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How Harris County plans to prioritize flood-control projects

HOUSTON – Harris County officials reassured residents who are concerned over how flood-control projects are being prioritized and said that all the promised projects will be completed.

Matt Zeve, deputy executive director of the Harris County Flood Control District, said that 134 of the 237 projects that are part of the $2.5 billion bond measure approved by voters last year have been greenlighted by Harris County commissioners.

"We have 103 projects that we have not started. They're just lines on paper, and so the prioritization was to help us determine in a logical way the order of when we would begin," Zeve said.

The prioritization of the order for the products was a task the HCFCD received from Harris County Judge Lina Hidalgo, who said she is focused on transparency and intentionality.

"It could be a mystery. We could have Flood Control District ... come up with an order and not explain it, but we want to be transparent. We want to be thoughtful, and we want to be smart, and the smart way to order this list is to look at 'worst first' and to figure out what that means," Hidalgo told KPRC.

She said she is leaving it to the experts.

VIDEO: Zeve speaks about flood-control priorities

"We've tasked them at Commissioners Court ... tasked the Flood Control District with doing this as quickly as possible while doing it well, to let us know what resources they need from us at Commissioners Court to make sure that they can move this as well and as quickly as possible," Hidalgo said.

Officials are weighing the remaining 103 projects based on a project's ability to lower flooding risk for the most people, Zeve said. He said money for the projects coming in from partner agencies may also play a factor in the priority of the project.

"They've been studying this since (Hurricane) Harvey. They've convened several stakeholder meetings. They've been looking at processes throughout the country. Normally this isn't done for infrastructure projects. Normally, it's simply a matter of property values, and so they really want to be smart," Hidalgo said.

Zeve said that HCFCD engineers are looking at the county’s long history of flooding to determine which projects should be given priority. He said that, during Hurricane Harvey, some of the worst flooding happened in areas that do not have a long history of flooding. Engineers are balancing what happened during the historic 2017 storm with the history of flooding throughout the county, he said.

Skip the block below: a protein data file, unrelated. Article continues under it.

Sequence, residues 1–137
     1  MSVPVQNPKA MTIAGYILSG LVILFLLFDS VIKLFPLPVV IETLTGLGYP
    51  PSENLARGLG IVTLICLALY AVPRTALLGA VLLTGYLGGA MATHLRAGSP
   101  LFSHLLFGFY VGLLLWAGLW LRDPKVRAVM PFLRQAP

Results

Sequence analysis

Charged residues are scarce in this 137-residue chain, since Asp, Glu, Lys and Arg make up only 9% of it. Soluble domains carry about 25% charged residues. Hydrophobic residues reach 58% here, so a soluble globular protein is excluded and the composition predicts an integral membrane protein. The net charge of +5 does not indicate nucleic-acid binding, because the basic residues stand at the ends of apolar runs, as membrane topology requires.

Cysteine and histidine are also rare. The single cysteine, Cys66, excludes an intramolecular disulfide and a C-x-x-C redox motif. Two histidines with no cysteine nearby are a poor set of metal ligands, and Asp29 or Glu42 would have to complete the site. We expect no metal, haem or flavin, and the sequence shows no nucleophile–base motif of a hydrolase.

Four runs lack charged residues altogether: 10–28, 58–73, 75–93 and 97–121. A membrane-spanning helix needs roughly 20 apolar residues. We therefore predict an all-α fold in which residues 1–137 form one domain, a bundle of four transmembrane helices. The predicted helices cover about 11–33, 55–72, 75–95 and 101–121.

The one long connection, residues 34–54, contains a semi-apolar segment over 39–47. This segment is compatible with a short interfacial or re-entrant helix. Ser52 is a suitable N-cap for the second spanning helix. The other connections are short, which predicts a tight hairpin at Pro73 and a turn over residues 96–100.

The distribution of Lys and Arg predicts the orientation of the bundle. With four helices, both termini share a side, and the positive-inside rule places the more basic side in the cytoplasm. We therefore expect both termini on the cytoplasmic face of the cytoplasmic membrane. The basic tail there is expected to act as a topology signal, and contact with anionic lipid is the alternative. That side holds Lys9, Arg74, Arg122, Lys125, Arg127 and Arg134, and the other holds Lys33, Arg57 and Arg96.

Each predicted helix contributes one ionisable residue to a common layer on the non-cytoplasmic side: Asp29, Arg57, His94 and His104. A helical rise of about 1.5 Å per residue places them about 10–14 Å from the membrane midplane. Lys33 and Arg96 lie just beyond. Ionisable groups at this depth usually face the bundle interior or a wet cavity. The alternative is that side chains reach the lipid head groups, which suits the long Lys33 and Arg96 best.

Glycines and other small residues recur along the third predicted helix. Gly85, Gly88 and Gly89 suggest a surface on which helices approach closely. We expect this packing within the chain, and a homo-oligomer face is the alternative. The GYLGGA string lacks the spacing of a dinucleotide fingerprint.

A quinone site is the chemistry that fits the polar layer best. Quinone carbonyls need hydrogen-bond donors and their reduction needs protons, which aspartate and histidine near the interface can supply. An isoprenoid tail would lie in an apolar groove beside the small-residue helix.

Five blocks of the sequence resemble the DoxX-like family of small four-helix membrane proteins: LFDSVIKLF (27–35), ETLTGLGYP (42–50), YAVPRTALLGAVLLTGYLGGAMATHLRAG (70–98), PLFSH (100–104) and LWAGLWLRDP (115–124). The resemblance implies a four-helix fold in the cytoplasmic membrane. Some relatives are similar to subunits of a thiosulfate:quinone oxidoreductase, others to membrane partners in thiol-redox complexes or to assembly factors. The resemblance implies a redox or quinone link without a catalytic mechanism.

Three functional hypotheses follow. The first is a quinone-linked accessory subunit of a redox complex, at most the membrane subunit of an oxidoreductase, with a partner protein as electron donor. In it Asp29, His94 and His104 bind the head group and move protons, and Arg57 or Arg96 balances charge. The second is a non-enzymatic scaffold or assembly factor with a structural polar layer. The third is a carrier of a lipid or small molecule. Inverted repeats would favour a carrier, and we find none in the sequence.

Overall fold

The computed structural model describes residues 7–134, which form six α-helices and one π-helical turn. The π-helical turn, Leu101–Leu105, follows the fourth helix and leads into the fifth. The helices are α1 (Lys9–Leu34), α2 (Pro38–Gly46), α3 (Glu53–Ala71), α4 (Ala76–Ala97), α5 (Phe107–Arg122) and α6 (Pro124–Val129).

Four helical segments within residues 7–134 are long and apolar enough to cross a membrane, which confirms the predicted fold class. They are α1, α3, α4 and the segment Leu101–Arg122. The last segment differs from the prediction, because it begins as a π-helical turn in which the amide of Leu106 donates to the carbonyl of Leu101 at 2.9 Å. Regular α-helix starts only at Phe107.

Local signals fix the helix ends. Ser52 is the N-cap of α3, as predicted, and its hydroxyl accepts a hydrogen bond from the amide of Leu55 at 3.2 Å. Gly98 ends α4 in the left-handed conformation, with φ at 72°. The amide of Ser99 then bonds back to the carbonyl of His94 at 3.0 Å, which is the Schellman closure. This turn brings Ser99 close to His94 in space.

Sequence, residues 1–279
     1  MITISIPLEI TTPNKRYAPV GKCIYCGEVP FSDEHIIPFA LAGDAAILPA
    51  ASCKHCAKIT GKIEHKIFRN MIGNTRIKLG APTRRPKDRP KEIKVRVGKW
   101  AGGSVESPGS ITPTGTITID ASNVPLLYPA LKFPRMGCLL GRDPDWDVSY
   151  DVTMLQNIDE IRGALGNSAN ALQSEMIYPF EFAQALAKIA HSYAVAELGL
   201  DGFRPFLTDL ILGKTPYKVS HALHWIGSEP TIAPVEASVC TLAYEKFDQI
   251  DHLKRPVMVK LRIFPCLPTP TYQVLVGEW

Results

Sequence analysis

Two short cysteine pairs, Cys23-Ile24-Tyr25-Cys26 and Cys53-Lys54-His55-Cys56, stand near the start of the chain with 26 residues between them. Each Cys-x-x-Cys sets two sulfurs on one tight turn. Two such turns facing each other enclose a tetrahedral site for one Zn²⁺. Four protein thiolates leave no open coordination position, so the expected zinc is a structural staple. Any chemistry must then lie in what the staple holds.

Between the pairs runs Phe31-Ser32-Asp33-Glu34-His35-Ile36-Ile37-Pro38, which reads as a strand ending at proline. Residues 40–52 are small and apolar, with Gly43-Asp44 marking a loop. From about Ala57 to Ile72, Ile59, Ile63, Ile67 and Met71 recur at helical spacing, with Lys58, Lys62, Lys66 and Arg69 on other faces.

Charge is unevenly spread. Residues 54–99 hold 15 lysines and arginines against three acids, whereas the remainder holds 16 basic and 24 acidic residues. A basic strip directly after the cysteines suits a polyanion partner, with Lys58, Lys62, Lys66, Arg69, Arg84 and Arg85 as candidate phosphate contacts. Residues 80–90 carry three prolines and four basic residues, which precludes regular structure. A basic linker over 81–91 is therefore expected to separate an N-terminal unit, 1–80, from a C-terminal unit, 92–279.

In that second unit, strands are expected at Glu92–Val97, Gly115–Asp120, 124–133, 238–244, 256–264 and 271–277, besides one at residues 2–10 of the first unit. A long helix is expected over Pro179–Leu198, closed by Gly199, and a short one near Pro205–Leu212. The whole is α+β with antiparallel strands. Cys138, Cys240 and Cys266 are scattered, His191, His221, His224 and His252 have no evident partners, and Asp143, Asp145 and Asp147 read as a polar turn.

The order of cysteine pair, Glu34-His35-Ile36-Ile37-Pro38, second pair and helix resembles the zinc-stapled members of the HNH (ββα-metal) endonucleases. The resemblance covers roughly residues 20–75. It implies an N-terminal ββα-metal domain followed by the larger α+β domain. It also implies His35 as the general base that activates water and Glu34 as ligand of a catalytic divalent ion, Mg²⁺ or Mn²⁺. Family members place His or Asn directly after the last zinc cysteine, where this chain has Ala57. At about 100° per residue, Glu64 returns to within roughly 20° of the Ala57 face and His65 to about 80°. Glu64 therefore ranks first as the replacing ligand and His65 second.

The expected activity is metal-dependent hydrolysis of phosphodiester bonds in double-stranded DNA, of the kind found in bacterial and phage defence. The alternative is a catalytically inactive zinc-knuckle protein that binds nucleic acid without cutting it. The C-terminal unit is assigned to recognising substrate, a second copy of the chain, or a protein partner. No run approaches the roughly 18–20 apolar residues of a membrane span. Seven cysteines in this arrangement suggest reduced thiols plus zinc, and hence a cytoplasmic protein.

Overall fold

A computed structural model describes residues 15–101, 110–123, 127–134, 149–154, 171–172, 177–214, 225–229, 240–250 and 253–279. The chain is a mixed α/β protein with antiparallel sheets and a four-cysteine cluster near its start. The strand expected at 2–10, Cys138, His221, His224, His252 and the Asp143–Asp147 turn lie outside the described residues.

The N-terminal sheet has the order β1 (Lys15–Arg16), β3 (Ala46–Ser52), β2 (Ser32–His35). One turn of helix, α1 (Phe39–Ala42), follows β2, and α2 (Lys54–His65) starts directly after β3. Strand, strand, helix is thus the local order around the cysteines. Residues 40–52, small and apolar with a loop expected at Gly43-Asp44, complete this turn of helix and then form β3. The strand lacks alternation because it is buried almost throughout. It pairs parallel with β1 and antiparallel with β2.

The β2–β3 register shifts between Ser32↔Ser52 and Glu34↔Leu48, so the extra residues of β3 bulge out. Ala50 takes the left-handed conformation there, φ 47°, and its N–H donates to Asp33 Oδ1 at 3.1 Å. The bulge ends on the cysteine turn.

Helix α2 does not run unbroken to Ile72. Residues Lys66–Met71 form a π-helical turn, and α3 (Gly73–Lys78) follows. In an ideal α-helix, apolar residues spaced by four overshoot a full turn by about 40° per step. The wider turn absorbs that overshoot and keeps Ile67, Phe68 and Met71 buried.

"Where are the parts of Harris County that are really the worst that have flooded 10, 15, 20 years?" Zeve said. "From a civil engineer perspective, we want to lower flood risk for the most people first."

Hidalgo said she is on the same page.

"Projects that would lift more people off the floodplain, for example. Projects that have an environmental benefit. Projects that are in watersheds that haven't seen a project in over 10 years," Hidalgo said.

The HCFCD wanted to make clear that the funding has been assigned. The projects have already been chosen after several stakeholder meetings. The only portion of the multibillion-dollar bond money that has not been assigned is $500 million in a contingency fund, Zeve said. He said that money will be used to address any issues that happen during the 10 years it will take to complete all 237 projects.

Residents were worried over the long wait for Project Brays, but Zeve clarified that certain projects have been delayed due to weather and the finding of unexpected utility lines, which will take a while to troubleshoot. He reaffirmed to residents that the prioritization discussion will not affect the timelines of existing projects, nor will they be reallocating funds.

"Projects that we've already started on won't be delayed," Zeve said.

Meyerland resident Tara Friedman said she hopes to see action soon.

"I want it done now. I'm sick of flooding," Friedman said.

"The Flood Control District as of today, we're at our current capacity on our projects that we can work on and move forward," Zeve said.

Once they are not operating at capacity, they will start on the other projects. The HCFCD's proposal was supposed to be presented in Tuesday's Commissioners Court meeting, but that item, Zeve said, has been taken off the agenda. The stakeholder meeting will be postponed.

For more information about projects and the status of each of them, go to HCFCD.org.


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